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Comment: Re:Minecraft Mods (Score 5, Informative) 315

by mitcheli (#49442283) Attached to: Ask Slashdot: How To Introduce a 7-Year-Old To Programming?
Minecraft Mods are an excellent way. My youngest latched onto those with no issues. Ironically, I tried to teach my 13 year old Apple's Swift language and he was totally uninterested, but mu youngest is latching right onto it, finding ways to modify our test game we're working on, and reciting back to me what objects, methods, and attributes are. I think he even understands inheritance and method overrides. He's got the tree structure of nodes in SKNodeKit down as well. And he's 9. And to think, the 13 year old was the one who expressed a desire to learn how to write games. To each his own...

Comment: Won't work in the US (Score 2) 62

by mitcheli (#49441381) Attached to: Uber Finally Accepts Cash -- For Autorickshaws In Delhi
Cash payments, while really nice for the drivers, would open them up to attack. In markets like DC. Uber drivers have to have clear signage indicating they are driving for Uber (see how many you can spot on the street corner sometime). But if they have this signage, there's nothing saying they can't be carjacked or mugged.

Comment: Re:There's a shock... (Score 3) 100

by mitcheli (#49441189) Attached to: Apple Leaves Chinese CNNIC Root In OS X and iOS Trusted Stores
It somehow doesn't surprise me that Apple is still hosting the exploited CA cert. They released patches to a number of openssl (which OSX does use) that supposedly fix the high level vulnerabilities of late (Security Update 2015-3?) But at the same time, the version that's running is 1.0.1g ... and there have been several high level vulnerabilities such as the down channel exportable encryption bug that still haven't been addressed. Thinking Apple needs to step up their game!

Comment: What does it all mean? (Score 1) 83

by mitcheli (#49432561) Attached to: Patent Case Could Shift Power Balance In Tech Industry
While I like Apple just as much as any other Mac fan and have been known to be ding as a troll when commenting on Microsoft posts, I have to ask my self one good question about all the litigation between Apple and the world. When will this litigation cross the threshold of aggressiveness and open up Apple to review by regulators as acting in a monopolistic fashion? (dread the thought! I have zero desire to run Internet Explorer on my iPhone.)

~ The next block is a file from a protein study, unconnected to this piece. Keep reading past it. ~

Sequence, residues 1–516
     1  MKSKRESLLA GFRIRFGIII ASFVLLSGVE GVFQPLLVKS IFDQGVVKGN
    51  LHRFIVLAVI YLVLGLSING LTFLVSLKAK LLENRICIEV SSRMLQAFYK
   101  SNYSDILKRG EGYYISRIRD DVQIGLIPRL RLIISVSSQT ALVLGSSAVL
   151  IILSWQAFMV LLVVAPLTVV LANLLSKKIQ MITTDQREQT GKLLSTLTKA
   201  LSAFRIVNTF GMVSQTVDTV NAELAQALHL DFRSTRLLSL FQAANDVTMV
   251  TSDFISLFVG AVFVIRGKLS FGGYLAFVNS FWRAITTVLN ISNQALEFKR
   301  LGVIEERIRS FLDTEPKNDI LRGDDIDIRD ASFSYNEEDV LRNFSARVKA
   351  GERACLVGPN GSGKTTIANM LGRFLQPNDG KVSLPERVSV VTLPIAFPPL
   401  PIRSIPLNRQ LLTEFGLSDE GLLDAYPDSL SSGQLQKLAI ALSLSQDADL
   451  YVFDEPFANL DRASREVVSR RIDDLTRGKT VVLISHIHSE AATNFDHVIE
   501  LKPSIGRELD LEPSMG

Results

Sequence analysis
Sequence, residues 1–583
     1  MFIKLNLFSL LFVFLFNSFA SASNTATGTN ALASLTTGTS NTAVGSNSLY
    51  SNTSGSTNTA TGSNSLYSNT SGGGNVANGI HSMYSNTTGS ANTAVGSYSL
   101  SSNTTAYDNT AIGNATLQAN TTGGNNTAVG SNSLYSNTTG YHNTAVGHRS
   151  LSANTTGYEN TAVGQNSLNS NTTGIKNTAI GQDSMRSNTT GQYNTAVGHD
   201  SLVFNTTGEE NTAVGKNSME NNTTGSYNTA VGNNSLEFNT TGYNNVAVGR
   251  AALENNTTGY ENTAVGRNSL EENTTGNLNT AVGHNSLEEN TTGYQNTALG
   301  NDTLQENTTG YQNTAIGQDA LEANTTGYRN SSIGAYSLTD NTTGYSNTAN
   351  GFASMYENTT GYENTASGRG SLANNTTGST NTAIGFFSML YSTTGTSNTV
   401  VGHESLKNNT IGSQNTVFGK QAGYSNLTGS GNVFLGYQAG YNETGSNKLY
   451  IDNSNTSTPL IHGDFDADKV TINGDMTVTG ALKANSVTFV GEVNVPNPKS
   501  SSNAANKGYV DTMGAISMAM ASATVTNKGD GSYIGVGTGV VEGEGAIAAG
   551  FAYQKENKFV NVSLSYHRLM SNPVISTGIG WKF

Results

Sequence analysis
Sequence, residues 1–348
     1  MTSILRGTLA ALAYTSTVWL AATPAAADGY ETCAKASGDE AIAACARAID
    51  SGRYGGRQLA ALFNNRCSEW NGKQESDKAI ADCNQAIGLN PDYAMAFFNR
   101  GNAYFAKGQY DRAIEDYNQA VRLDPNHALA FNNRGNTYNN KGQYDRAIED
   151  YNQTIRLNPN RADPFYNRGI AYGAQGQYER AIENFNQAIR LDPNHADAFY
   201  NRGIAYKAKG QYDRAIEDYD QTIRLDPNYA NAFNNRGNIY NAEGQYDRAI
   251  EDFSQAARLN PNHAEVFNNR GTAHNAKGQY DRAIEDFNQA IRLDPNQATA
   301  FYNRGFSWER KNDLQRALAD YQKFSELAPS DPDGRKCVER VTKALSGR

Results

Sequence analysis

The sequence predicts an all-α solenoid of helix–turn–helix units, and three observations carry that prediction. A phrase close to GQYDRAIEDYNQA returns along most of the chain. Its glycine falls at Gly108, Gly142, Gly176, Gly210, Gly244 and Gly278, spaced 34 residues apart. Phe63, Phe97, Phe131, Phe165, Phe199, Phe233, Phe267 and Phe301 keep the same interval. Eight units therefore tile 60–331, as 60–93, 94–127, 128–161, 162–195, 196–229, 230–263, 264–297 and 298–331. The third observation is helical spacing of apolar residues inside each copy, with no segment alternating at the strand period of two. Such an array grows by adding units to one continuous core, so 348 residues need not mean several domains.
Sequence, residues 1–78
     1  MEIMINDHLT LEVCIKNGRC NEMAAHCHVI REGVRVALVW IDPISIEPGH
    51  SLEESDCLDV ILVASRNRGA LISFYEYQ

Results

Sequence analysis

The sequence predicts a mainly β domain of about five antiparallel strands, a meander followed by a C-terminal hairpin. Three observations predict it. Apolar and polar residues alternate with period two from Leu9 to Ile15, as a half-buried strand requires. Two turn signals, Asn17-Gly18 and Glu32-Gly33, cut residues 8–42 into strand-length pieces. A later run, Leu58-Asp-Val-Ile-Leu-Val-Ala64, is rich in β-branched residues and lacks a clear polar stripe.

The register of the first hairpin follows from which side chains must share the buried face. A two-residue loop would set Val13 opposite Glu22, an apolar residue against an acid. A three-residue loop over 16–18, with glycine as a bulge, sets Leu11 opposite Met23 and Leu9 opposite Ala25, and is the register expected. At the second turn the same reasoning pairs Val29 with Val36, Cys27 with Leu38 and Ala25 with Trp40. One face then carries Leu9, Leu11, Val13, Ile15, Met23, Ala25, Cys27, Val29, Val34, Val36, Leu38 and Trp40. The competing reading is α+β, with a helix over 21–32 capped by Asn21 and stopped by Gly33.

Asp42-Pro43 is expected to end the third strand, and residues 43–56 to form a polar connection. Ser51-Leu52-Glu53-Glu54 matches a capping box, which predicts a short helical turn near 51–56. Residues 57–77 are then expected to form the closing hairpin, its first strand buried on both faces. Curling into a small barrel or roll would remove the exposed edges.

Comment: Of all the stupidity (Score 2) 107

by mitcheli (#49233161) Attached to: Lawsuit Claims Major Automakers Have Failed To Guard Against Hackers
Clearly some lawyer has some teenaged kids he's looking to put through school. But food for thought here. Having just gotten into analysing the ECMs in my car and figuring out how to analyse the performance characteristics of my car, I appreciate the ability to figure out what's going on with the vehicle without paying $1000's to the mechanic. That being said, I have serious doubts that a public/private key cryptographic authentication mechanism on the vehicle ECM would be shared with the consumer that purchased said vehicle and would ultimately eliminate the ability of people to work on their vehicles.

Comment: Net Neutrality and it's effects on Cell Providers? (Score 1) 550

So Some cell providers in the US provide "x" amount of GB's of data on a rate plan and when that data is used up, they turn off access to the Internet (blocking) and other providers will allow you to use "x" amount of data and then throttle back your remaining data (throttling) to dial up modem speeds (EVDO or less). Since these rules prohibit blocking and throttling, what will Net Neutrality do to cell phone plans?

Comment: "People need to know — the public needs to k (Score 2) 246

by mitcheli (#49111279) Attached to: In Florida, Secrecy Around Stingray Leads To Plea Bargain For a Robber
Whether or not the use of this technology is a violation of Constitutional Rights is really up to a Judge to determine. And as for "the people need to know", that's really pointless. The people are powerless to prevent the use of such technologies if their elected officials aren't doing anything to prevent the use of such technologies. The nature of globally connected communications in this era leaves open the avenue for exploitation of technology across vast distances. Cell phone intercepts, such as the ones in the article, firmware exploits such as the ones published last week, and any other manner of exploits are going to define the new normal. Unless laws are passed (and with the Patriot Act, I have sever doubts) that prohibit not only average citizens from engaging in these activities, but law enforcement as well, then we just need to suck it up and deal with it. For professionals in our field though, this does present us an opportunity to review our standards and identify logical risks associated with them and then to redefine them to take privacy and security in mind. Encryption designers need to up the bar and create stronger and more secure algorithms. Right now, there are only a small handful of manufacturers looking at this level (black phone?) but even they aren't digging deep enough.

APL is a write-only language. I can write programs in APL, but I can't read any of them. -- Roy Keir